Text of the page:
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What Is a Captive REIT?

CEO Khai Intela
Real estate has always been an attractive investment option, offering potential appreciation, tax advantages, and passive income. However, investing in commercial property can be challenging for individual shareholders. This is where Real Estate Investment Trusts...

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Real estate has always been an attractive investment option, offering potential appreciation, tax advantages, and passive income. However, investing in commercial property can be challenging for individual shareholders. This is where Real Estate Investment Trusts (REITs) come into play, allowing investors to access commercial property without the hassle of direct ownership.

How Do REITs Operate?

REITs first emerged in 1960 and have since become increasingly popular. Some REITs are privately offered but registered with the SEC, while others are publicly traded on securities exchanges. There is also a third type, which is limited to accredited investors due to higher risk and limited disclosures.

One major advantage of the REIT structure is that these trusts operate as pass-through corporations. This means they do not pay federal income taxes as long as they meet specific requirements:

  • At least 75 percent of the REIT's income must come from real estate or related activities.
  • A minimum of 75 percent of the trust's assets must be in real estate.
  • The REIT must distribute at least 90 percent of its taxable income to shareholders.
  • The trust must have at least 100 shareholders.
  • A REIT cannot have more than 50 percent ownership held by five or fewer investors.

Shareholders pay taxes on the income they receive from the REIT, and some may choose to hold their REIT shares in a retirement account for deferred tax recognition.

How Can a REIT Be Captive?

A captive REIT is one that is controlled by a single company, often as a subsidiary. For example, a corporation with a wide range of branch operations might establish a captive REIT within its real estate division. By complying with the REIT rules, the parent company can benefit from tax advantages.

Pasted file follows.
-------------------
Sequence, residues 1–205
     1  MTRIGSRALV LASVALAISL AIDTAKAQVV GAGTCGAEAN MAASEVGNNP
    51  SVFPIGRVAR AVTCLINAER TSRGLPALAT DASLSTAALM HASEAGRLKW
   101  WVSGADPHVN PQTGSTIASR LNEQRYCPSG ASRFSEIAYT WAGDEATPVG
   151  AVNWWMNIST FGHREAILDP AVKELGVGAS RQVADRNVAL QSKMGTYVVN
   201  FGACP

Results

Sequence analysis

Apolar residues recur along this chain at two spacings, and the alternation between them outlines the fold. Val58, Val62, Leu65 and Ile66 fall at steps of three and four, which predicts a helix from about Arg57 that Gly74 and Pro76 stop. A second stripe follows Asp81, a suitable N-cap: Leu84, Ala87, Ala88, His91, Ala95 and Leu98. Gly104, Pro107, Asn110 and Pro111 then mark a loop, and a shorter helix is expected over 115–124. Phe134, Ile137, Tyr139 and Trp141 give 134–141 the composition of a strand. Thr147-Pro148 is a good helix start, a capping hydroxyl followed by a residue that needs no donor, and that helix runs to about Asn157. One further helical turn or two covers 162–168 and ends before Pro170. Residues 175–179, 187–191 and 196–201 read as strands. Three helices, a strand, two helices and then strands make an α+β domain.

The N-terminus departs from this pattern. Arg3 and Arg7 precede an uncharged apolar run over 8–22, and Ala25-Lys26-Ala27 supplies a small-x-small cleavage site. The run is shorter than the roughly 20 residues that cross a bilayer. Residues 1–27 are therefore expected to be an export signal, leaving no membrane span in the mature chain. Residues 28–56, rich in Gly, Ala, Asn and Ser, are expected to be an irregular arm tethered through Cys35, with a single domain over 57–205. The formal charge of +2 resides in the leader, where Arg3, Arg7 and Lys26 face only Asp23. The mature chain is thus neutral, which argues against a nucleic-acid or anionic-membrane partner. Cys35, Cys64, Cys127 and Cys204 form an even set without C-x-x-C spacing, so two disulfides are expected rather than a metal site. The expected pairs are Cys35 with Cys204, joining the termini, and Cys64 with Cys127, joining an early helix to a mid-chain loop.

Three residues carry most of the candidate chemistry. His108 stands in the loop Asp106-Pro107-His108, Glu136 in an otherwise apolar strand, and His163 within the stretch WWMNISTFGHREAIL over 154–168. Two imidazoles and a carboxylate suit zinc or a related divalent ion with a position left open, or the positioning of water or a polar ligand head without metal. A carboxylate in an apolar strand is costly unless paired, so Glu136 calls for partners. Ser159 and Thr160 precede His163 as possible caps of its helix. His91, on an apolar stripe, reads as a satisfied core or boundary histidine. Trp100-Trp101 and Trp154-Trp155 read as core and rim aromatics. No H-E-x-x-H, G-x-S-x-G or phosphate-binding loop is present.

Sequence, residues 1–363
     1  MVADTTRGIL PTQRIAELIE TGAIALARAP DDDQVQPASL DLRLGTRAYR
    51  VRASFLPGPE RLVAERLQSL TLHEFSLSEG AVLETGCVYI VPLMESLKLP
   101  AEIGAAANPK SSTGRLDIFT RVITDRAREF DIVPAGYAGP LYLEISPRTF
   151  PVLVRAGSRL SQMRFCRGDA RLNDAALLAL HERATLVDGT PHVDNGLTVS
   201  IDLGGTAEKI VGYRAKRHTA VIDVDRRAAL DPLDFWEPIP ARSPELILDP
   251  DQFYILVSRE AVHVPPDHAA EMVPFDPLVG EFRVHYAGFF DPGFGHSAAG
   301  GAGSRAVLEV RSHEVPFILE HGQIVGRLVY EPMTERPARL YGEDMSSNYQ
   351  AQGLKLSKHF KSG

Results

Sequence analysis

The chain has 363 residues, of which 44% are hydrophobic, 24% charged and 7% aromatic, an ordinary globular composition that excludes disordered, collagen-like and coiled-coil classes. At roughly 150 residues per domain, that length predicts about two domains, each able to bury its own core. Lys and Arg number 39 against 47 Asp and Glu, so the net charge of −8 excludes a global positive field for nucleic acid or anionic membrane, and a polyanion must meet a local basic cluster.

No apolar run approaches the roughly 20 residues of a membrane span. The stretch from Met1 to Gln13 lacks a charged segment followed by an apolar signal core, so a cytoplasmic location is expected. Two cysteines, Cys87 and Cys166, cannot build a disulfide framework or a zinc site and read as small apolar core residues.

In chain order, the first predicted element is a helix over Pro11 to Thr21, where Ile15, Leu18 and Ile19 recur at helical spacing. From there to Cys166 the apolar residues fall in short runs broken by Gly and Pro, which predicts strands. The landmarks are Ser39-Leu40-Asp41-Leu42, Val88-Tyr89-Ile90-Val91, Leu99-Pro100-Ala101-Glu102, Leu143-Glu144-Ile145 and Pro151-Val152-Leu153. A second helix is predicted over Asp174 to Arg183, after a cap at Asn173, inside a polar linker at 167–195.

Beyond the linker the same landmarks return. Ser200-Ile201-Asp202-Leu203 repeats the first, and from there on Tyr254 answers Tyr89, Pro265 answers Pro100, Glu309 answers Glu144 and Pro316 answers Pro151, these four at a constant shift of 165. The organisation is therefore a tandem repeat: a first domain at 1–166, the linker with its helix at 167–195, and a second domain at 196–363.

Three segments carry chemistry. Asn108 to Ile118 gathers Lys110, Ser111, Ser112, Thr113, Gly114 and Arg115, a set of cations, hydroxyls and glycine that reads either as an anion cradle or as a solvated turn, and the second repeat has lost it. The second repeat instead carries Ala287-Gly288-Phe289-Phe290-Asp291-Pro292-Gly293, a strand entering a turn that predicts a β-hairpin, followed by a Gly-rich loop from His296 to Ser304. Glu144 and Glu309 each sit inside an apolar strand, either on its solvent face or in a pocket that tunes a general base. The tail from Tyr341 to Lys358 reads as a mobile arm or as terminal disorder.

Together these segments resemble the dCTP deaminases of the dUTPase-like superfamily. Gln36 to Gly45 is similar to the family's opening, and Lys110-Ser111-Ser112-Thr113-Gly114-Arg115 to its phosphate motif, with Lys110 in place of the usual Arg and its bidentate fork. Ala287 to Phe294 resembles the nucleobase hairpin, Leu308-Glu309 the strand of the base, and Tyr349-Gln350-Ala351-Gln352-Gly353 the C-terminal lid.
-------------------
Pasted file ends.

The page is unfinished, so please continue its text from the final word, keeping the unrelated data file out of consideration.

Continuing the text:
To meet the requirement of having at least 100 investors or shareholders, the parent company may name executives as shareholders of the captive REIT. Additionally, if the parent company pays rent to the REIT subsidiary, which owns the properties, these rent payments may be considered as tax-deductible business expenses.

In return, the REIT subsidiary generates income that it pays to the executive shareholders (effectively to the parent company) as dividends. These dividends are not taxable income for the parent corporation. However, some states have attempted to limit this tactic to preserve their revenue streams.

Can I Invest in a Captive REIT?

While an outsider can indirectly invest by purchasing shares in a corporation that has a captive REIT as a subsidiary, it is unlikely that individual investors would choose such a narrowly focused investment approach.

Please note that this material is for general information and educational purposes only. The information provided is based on data gathered from reliable sources, but it is not guaranteed to be accurate or complete. It should not be used as the primary basis for making investment decisions. All investments carry a certain level of risk, and the value of your investment may fluctuate. There is no guarantee that you will receive any income, and you may receive less than your initial investment.

REITs offer special tax considerations and typically provide high yields and a liquid method of investing in real estate. However, these investments also come with risks, including the absence of a secondary market, difficulties discerning interest payments from principal repayments, and potential fluctuations in the value of underlying real estate.

This article is neither an offer to sell nor a solicitation or an offer to buy the securities described herein. The offering is made only by the Prospectus.

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